On paper, the North Korean People’s Air Force is by no means small, numbering around 400 airframes. These are, however, not exactly advanced designs, but instead are mostly 1950s and 1960s-era Soviet designs, or Chinese copies thereof. How many of these are flight worthy is unknown for certain, but certainly not all are available at any given time. In addition, North Korean pilots do not enjoy the same amount of support as do the pilots of other countries: their flight experience is likely quite low.
But despite the ancient airframe and inexperienced pilots, there is one exception to the ineffective North Korean Air Force: the MiG-29.
The Mikoyan MiG-29 is a Soviet-designed multirole fighter that originally entered service with the Soviet Air Forces in the early 1980s. The MiG-29’s were originally intended to counter advanced American air superiority fighters like the F-15 Eagle and the F-16 Fighting Falcon. To that end, the advanced fourth-generation fighter can carry a variety of air-to-air munitions and is highly maneuverable. Perhaps the most surprising aspect of the fighter? North Korea builds its own.
The North Korean People’s Air Force operates a number of MiG-29s, estimated at about forty airframes in total. Interestingly, the initial airframes that Pyongyang secured likely came from an October 1986 visit to the Soviet Union by Kim Il Sung. During that visit, Moscow agreed to supply North Korea with their first MiG-29s — at the time one of the Soviet Union’s most advanced fighters.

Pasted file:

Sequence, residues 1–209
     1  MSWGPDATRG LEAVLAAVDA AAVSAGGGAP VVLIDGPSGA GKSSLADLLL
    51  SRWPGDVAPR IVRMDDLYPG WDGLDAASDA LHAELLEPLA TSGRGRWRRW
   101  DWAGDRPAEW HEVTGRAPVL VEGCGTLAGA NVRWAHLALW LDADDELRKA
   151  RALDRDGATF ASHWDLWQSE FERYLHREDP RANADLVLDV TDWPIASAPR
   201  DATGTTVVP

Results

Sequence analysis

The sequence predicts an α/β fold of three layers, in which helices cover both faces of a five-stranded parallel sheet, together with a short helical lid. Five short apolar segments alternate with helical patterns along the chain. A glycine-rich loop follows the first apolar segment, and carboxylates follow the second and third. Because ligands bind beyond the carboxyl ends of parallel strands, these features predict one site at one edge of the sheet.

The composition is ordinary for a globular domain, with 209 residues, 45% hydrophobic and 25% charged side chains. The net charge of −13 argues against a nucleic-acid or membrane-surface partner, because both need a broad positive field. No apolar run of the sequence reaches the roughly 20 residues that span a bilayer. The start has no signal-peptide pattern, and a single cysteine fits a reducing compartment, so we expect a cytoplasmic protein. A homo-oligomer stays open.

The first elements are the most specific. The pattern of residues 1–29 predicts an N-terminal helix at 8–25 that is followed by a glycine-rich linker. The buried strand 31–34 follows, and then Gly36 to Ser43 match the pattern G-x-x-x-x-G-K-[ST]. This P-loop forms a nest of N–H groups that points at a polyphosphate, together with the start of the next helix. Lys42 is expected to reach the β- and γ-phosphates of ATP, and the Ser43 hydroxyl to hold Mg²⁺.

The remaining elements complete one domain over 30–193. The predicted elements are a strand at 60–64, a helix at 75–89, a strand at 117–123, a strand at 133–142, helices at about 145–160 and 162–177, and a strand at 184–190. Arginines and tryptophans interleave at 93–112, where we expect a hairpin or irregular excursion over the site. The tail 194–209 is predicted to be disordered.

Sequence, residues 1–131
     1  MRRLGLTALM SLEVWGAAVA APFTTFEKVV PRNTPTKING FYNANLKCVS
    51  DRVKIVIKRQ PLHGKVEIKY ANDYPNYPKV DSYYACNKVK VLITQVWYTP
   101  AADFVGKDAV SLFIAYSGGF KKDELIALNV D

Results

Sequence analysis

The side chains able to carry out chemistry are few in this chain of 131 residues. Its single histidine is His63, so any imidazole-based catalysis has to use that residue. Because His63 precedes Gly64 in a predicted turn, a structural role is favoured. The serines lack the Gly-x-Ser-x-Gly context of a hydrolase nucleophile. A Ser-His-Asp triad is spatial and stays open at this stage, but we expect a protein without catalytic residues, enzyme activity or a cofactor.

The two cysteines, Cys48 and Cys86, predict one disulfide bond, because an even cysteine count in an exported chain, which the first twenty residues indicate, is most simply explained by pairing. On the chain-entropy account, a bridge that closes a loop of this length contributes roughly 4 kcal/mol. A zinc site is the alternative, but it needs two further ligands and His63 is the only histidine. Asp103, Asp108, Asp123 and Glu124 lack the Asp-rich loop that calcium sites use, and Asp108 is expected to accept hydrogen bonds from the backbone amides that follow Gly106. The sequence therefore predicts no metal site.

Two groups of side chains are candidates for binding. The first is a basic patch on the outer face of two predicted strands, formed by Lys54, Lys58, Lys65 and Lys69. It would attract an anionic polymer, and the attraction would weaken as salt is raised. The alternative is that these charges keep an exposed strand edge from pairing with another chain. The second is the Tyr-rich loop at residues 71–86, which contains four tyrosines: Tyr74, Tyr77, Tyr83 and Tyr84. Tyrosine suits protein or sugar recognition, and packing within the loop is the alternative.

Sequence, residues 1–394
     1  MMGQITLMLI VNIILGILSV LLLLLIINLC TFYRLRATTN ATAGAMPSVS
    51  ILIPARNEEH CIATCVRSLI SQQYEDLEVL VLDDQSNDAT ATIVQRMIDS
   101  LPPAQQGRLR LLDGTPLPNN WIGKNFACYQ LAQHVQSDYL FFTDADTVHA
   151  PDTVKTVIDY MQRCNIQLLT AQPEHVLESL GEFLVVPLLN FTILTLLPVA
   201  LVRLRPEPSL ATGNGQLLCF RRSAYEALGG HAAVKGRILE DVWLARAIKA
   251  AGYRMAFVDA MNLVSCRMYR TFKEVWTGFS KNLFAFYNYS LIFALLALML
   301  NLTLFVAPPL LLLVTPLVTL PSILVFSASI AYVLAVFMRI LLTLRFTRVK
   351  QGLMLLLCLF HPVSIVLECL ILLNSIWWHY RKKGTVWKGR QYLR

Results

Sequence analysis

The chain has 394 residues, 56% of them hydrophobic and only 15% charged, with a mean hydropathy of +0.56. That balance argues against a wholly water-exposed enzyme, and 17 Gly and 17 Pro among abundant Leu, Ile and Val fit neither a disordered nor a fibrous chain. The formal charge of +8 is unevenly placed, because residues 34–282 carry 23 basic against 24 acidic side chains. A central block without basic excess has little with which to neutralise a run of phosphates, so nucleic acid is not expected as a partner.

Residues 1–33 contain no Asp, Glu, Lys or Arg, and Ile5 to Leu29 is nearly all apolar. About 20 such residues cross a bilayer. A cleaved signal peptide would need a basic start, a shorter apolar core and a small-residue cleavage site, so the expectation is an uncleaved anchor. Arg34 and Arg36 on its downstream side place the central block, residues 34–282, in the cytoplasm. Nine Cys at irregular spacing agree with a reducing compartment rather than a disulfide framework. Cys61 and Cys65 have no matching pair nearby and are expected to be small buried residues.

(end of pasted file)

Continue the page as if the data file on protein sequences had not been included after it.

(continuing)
In the mid-1980s, Pyongyang was able to secure around 24 MiG-29s. And while the MiGs were indeed at the time extremely capable, North Korea did not necessarily have the technical know-how or industrial capacity either to build or to maintain the advanced fighter.
Keenly aware of the degree to which the People’s Air Force depended on foreign assistance for maintaining their small but capable MiG fleet, North Korea sought to maintain their fighters at home. Somewhat surprisingly, Pyongyang was able to secure both a permit as well as the required blueprints and technical knowledge necessary to domestically building and maintaining the 4th generation fighter and freeing them from their reliance on the Soviet Union.
By the late 1990s, North Korea had manufactured around 15 MiG-29s. Though that pales in comparison to the many hundreds of fighters manufactured in both the United States and Russia each year, a capable domestic production line was nevertheless a boon to the North’s paltry air force fleet.
So despite being poorly supported, North Korea — against the odds — is able to build a surprisingly advanced air superiority fighter domestically. Homemade MiG-29s allow the People’s Air Force to present a credible threat to the South and are North Korea’s ace in the hole.
Caleb Larson is a Defense Writer based in Europe. He holds a Master of Public Policy and covers U.S. and Russian security, European defense issues, and German politics and culture.